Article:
Posts filed under “Wages & Income”
Here’s some more bad news for John Q. Public:
We all know that the fun of the past few years Housing binge / ATM withdrawal / GDP Party is long since over. But it turns out that the hangover isn’t nearly done.
Why is that? Well, one of the advantages of Home Equity financing is that if you use the proceeds for capital improvements to the home — *new floors, walls or lighting, installing central A/C, removing trees, refurbishing bathrooms, new lawns or gardens — then it has the same tax deductiblity as if it were a primary mortgage.
What abut if you use the proceeds for other, non-capital improvement purposes?
From Realty blog Patrick.Net:
"Word from the IRS is that they are auditing people based on refiances on their
house. If you refied and pulled money out of the house and use for other
purposes than home improvement you can not claim that as Mortgage Deduction,
needs to be claimed as Interest expense. Guess what, they want proof of home
Why do I smell some big trouble coming down the road for some people?
Refi Interest Trap?
March 28th, 2008
* What we did to our home
“The purpose of studying economics is not to acquire a set of ready-made answers to economic questions, but to learn how to avoid being deceived by economists.”
One of the things that really perturbs me are disingenuous, intellectually indefensible commentary consisting of willfully misleading tripe. Up until recently, that territory has been owned by the WSJ OPED pages. This past weekend, the NYT was seen elbowing its way into the same space.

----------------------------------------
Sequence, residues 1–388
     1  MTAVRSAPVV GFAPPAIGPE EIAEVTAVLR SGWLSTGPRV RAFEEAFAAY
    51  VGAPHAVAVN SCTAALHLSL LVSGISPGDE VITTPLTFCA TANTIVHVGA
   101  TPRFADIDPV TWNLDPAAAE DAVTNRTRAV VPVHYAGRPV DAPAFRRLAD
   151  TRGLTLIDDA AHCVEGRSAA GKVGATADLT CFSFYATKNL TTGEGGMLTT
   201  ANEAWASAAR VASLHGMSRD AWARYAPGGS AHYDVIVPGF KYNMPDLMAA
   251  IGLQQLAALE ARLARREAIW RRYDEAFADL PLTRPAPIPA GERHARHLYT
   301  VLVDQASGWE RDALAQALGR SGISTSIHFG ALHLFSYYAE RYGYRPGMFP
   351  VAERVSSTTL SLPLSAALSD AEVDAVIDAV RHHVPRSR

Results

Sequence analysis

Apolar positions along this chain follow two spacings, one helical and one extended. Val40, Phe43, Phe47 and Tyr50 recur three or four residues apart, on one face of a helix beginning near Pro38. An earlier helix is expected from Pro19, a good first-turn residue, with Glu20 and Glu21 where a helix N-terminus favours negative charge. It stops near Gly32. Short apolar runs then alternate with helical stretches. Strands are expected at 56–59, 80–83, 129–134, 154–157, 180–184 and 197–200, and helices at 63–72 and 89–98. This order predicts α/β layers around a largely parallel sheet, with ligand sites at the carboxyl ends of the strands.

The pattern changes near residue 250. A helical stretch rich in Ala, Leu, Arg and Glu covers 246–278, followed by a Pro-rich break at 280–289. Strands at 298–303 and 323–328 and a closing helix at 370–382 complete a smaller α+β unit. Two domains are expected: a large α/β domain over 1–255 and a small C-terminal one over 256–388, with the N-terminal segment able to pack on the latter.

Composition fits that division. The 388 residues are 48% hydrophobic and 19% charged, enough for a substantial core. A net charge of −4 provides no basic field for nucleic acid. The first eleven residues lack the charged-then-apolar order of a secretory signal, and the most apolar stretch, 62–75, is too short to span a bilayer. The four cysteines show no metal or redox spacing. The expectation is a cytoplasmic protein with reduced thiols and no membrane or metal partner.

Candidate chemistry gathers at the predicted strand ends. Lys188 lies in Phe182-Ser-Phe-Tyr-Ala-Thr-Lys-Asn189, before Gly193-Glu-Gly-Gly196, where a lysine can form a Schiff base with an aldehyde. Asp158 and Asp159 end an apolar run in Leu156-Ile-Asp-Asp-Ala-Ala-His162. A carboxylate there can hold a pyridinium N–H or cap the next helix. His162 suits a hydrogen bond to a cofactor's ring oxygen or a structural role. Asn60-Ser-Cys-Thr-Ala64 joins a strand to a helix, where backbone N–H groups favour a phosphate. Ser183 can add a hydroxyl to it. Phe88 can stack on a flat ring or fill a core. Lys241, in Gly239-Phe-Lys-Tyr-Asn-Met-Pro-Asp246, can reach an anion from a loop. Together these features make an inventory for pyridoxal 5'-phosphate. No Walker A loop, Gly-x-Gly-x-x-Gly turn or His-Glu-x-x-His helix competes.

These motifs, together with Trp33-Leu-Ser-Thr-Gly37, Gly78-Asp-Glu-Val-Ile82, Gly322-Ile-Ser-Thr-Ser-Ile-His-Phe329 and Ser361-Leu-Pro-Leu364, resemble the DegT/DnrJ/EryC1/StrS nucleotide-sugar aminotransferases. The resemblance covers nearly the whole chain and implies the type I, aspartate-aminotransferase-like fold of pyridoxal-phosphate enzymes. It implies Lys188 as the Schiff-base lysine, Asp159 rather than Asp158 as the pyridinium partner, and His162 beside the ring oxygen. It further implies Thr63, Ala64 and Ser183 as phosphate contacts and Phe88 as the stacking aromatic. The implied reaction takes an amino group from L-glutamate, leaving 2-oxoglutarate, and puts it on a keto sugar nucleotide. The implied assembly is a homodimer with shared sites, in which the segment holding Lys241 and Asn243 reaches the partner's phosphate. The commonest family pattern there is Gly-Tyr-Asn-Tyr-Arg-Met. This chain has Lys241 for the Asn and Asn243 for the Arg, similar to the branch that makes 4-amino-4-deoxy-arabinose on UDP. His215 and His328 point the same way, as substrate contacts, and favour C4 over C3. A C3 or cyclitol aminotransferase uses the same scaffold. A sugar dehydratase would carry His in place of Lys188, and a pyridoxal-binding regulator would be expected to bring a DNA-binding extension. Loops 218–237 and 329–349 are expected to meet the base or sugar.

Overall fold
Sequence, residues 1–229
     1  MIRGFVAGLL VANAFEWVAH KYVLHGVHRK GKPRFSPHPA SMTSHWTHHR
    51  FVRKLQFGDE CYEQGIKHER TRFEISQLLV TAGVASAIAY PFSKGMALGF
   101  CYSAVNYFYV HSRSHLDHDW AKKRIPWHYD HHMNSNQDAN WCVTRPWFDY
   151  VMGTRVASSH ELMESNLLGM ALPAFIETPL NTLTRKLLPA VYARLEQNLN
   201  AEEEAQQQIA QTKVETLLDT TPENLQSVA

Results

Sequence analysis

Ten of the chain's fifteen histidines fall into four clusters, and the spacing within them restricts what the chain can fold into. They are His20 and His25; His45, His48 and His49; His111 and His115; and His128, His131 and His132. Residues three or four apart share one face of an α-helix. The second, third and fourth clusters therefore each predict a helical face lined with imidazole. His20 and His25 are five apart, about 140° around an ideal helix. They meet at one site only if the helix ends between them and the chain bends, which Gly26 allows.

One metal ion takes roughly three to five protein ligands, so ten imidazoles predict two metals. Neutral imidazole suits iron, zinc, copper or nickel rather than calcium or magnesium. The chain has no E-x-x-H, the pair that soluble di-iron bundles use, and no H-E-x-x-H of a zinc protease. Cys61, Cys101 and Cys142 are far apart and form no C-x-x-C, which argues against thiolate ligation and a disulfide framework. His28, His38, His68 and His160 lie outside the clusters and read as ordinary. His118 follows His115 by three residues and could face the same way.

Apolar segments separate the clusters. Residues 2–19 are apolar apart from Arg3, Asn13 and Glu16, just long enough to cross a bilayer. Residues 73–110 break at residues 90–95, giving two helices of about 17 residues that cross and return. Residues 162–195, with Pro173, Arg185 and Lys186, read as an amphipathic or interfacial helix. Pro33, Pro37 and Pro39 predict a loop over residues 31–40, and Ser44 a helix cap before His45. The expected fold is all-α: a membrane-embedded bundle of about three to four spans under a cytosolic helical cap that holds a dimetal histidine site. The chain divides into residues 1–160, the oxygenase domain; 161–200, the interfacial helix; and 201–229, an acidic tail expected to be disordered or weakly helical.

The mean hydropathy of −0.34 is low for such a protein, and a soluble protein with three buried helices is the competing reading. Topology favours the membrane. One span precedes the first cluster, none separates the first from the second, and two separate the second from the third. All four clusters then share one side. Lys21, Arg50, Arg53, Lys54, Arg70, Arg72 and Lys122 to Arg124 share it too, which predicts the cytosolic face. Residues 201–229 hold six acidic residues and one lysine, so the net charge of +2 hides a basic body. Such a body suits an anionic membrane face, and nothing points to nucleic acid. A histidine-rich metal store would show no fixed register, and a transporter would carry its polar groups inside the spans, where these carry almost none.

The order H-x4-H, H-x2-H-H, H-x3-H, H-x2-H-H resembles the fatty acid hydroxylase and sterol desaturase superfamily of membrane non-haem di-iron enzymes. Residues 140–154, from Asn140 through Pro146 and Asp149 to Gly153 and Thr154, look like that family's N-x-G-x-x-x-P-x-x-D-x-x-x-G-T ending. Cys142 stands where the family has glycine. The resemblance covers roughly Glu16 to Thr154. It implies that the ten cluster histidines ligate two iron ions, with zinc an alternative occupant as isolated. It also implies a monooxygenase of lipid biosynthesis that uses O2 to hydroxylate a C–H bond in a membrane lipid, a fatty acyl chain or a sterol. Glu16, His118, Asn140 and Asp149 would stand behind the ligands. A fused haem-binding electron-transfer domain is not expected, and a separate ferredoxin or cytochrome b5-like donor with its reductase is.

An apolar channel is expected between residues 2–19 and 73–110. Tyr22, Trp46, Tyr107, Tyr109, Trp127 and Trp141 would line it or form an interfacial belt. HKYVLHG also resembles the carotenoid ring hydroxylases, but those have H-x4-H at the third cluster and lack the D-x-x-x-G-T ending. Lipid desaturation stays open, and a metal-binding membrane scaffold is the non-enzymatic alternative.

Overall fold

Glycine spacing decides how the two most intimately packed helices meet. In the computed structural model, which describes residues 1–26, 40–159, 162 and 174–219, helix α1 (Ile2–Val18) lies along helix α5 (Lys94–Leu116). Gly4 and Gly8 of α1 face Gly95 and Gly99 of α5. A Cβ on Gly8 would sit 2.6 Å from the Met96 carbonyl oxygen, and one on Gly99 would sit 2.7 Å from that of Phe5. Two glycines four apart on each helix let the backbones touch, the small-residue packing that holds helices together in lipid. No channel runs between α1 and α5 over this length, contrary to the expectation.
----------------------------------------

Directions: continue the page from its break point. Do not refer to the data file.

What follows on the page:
I call this approach to economic analysis Hackonomics.
An OpEd in the Sunday Times is classic Hackonomics. Unfortunately, it takes little craft to slip junk past the editors at the Times OpEd section. Impressive-looking academic or government credentials seems to be all that is required. (Its a shame they don’t have, say, a professor from the Princeton Economics department on staff).
Perhaps there is a fear of looking silly or economically ignorant, rather than asking anyone else about any of these “analyses.” What we get instead are pieces like You Are What You Spend. The authors are Michael Cox, and Richard Alm, chief economist and senior economics writer at the Federal Reserve Bank of Dallas. As my British colleagues would delightfully articulate, “their work is shite.”
To wit: These two gentlemen press forward the idea that the proper manner to review economic inequality should involve looking not at income differentials. Rather, this Fed duo favors a more direct measure of economic status: household consumption. They claim “the gap between rich and poor is far less than most assume, and that the abstract,
income-based way in which we measure the so-called poverty rate no longer applies to our society.”
Their analysis is so problematic and their theory so full of holes, that, if time permitted, we could identify errors in nearly every paragraph. That sort of critique is best reserved for serious intellectual analysis of major importance. For Hackonomics, we will simply identify 3 major flaws, and then get on to more pressing and important work.
Let’s take a closer look at their arguments:
1. Income Disparity: Abstract? There is nothing “abstract” about income-based measures of poverty or wealth inequality. Merely calling income comparisons “abstract” does not make it so, nor does it make their position any less absurd. Instead, it reads as a
transparent attempt by the authors to avoid any income discussion.
Why not discuss income? Perhaps the data is the reason: The share of national income of the wealthiest 1% rose from 14.6% five years ago (2003) to 17.4% in 2005 (Emmanuel Saez, University of California-Berkeley). And since 2005, the wealth disparity has grown even further.
Indeed, as several commentators have already pointed out, these same authors previously tried to make an income based argument that “the gap between rich and poor is far less than most assume” – and crashed and burned.
Next attempt, please.